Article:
By bringing up the size factors, I just wanted to point out that, this issue that scaled counts are not close to original counts happens with all kinds of datasets. If you are using the scaled counts for visualization, you could also consider to use the TPM directly (the abundance slot from tximeta).

Re: excluding transcripts, I think this gets at (1). Either you trust the transcript quantification (which is putting expression toward the short isoform), or not. If you do trust it, then you should scale the count up given the shorter effective gene length.

The point of dividing out the geometric mean is so that the scaled counts are centered on original counts. You can see what happens on a toy dataset when you exclude that step.

I guess, the most important thing here is that, the scaled counts aren't used in DESeq2 for statistical testing. The effective gene length offset is used in the GLM, and again, back to (1), if you _do_ trust the transcript estimates, and _didn't_ make use of the offest, it would produce biased gene-level estimates of LFC.

Entering edit mode

Sorry, it seems I'm not being clear enough. I'm reporting an issue with estimateSizeFactors (in the case where tximport is used), rather than trying to decide whether to include particular transcripts of not. Perhaps this simple example will more clearly illustrate the problem:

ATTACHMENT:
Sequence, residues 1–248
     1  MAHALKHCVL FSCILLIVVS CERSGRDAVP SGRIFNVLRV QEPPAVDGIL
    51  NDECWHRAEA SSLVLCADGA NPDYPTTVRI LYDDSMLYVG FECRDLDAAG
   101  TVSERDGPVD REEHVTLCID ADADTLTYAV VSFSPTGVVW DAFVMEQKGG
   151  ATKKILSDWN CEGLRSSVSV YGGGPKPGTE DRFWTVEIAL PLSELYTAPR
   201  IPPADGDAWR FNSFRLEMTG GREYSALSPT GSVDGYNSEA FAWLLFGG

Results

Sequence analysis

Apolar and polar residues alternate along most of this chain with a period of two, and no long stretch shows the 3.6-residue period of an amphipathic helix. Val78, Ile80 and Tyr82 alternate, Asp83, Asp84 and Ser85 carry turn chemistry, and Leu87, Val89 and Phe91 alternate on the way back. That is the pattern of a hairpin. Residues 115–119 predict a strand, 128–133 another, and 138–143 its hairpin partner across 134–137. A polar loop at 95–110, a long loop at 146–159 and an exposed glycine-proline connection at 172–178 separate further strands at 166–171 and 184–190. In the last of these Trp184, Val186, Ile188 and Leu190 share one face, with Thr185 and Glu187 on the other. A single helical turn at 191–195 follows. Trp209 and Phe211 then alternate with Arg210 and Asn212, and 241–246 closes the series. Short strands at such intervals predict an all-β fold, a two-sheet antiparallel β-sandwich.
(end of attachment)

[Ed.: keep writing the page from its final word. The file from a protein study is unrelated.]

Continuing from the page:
Consider just two samples:

  • each have the same number of reads, say 10,000,000
  • each are identical except for a single gene, call it gene_a
  • gene_a has two transcripts tx_1 and tx_2 with lengths 1000 and 100 respectively
  • sample1 has 10,000 reads in tx_1 and zero in tx_2
  • sample2 has zero reads in tx_1 and 10,000 in tx_2
  • therefore gene_a has 10,000 reads in both cases
  • avgTxLength in sample1 is of course 1000 since all reads are in tx_1
  • avgTxLength in sample2 is of course 100 since all reads are in tx_2
  • the geometric mean of avgTxLength is 316.23 (sqrt(1000*100))
  • nm for sample1 will be 1000/316.23 = 3.1623
  • nm for sample2 will be 100/316.23 = 0.31623
  • the Normalization factors will therefore also be 3.1623 and 0.31623
  • So after normalization the NumReads mapped to gene_a in sample1 will be 10,000/3.1623 = 3,162
  • and the NumReads mapped to gene_a in sample2 will be 10,000/0.31623 = 31,623
  • i.e there is now a 10x difference in Normalized NumReads mapped to this gene between the two samples.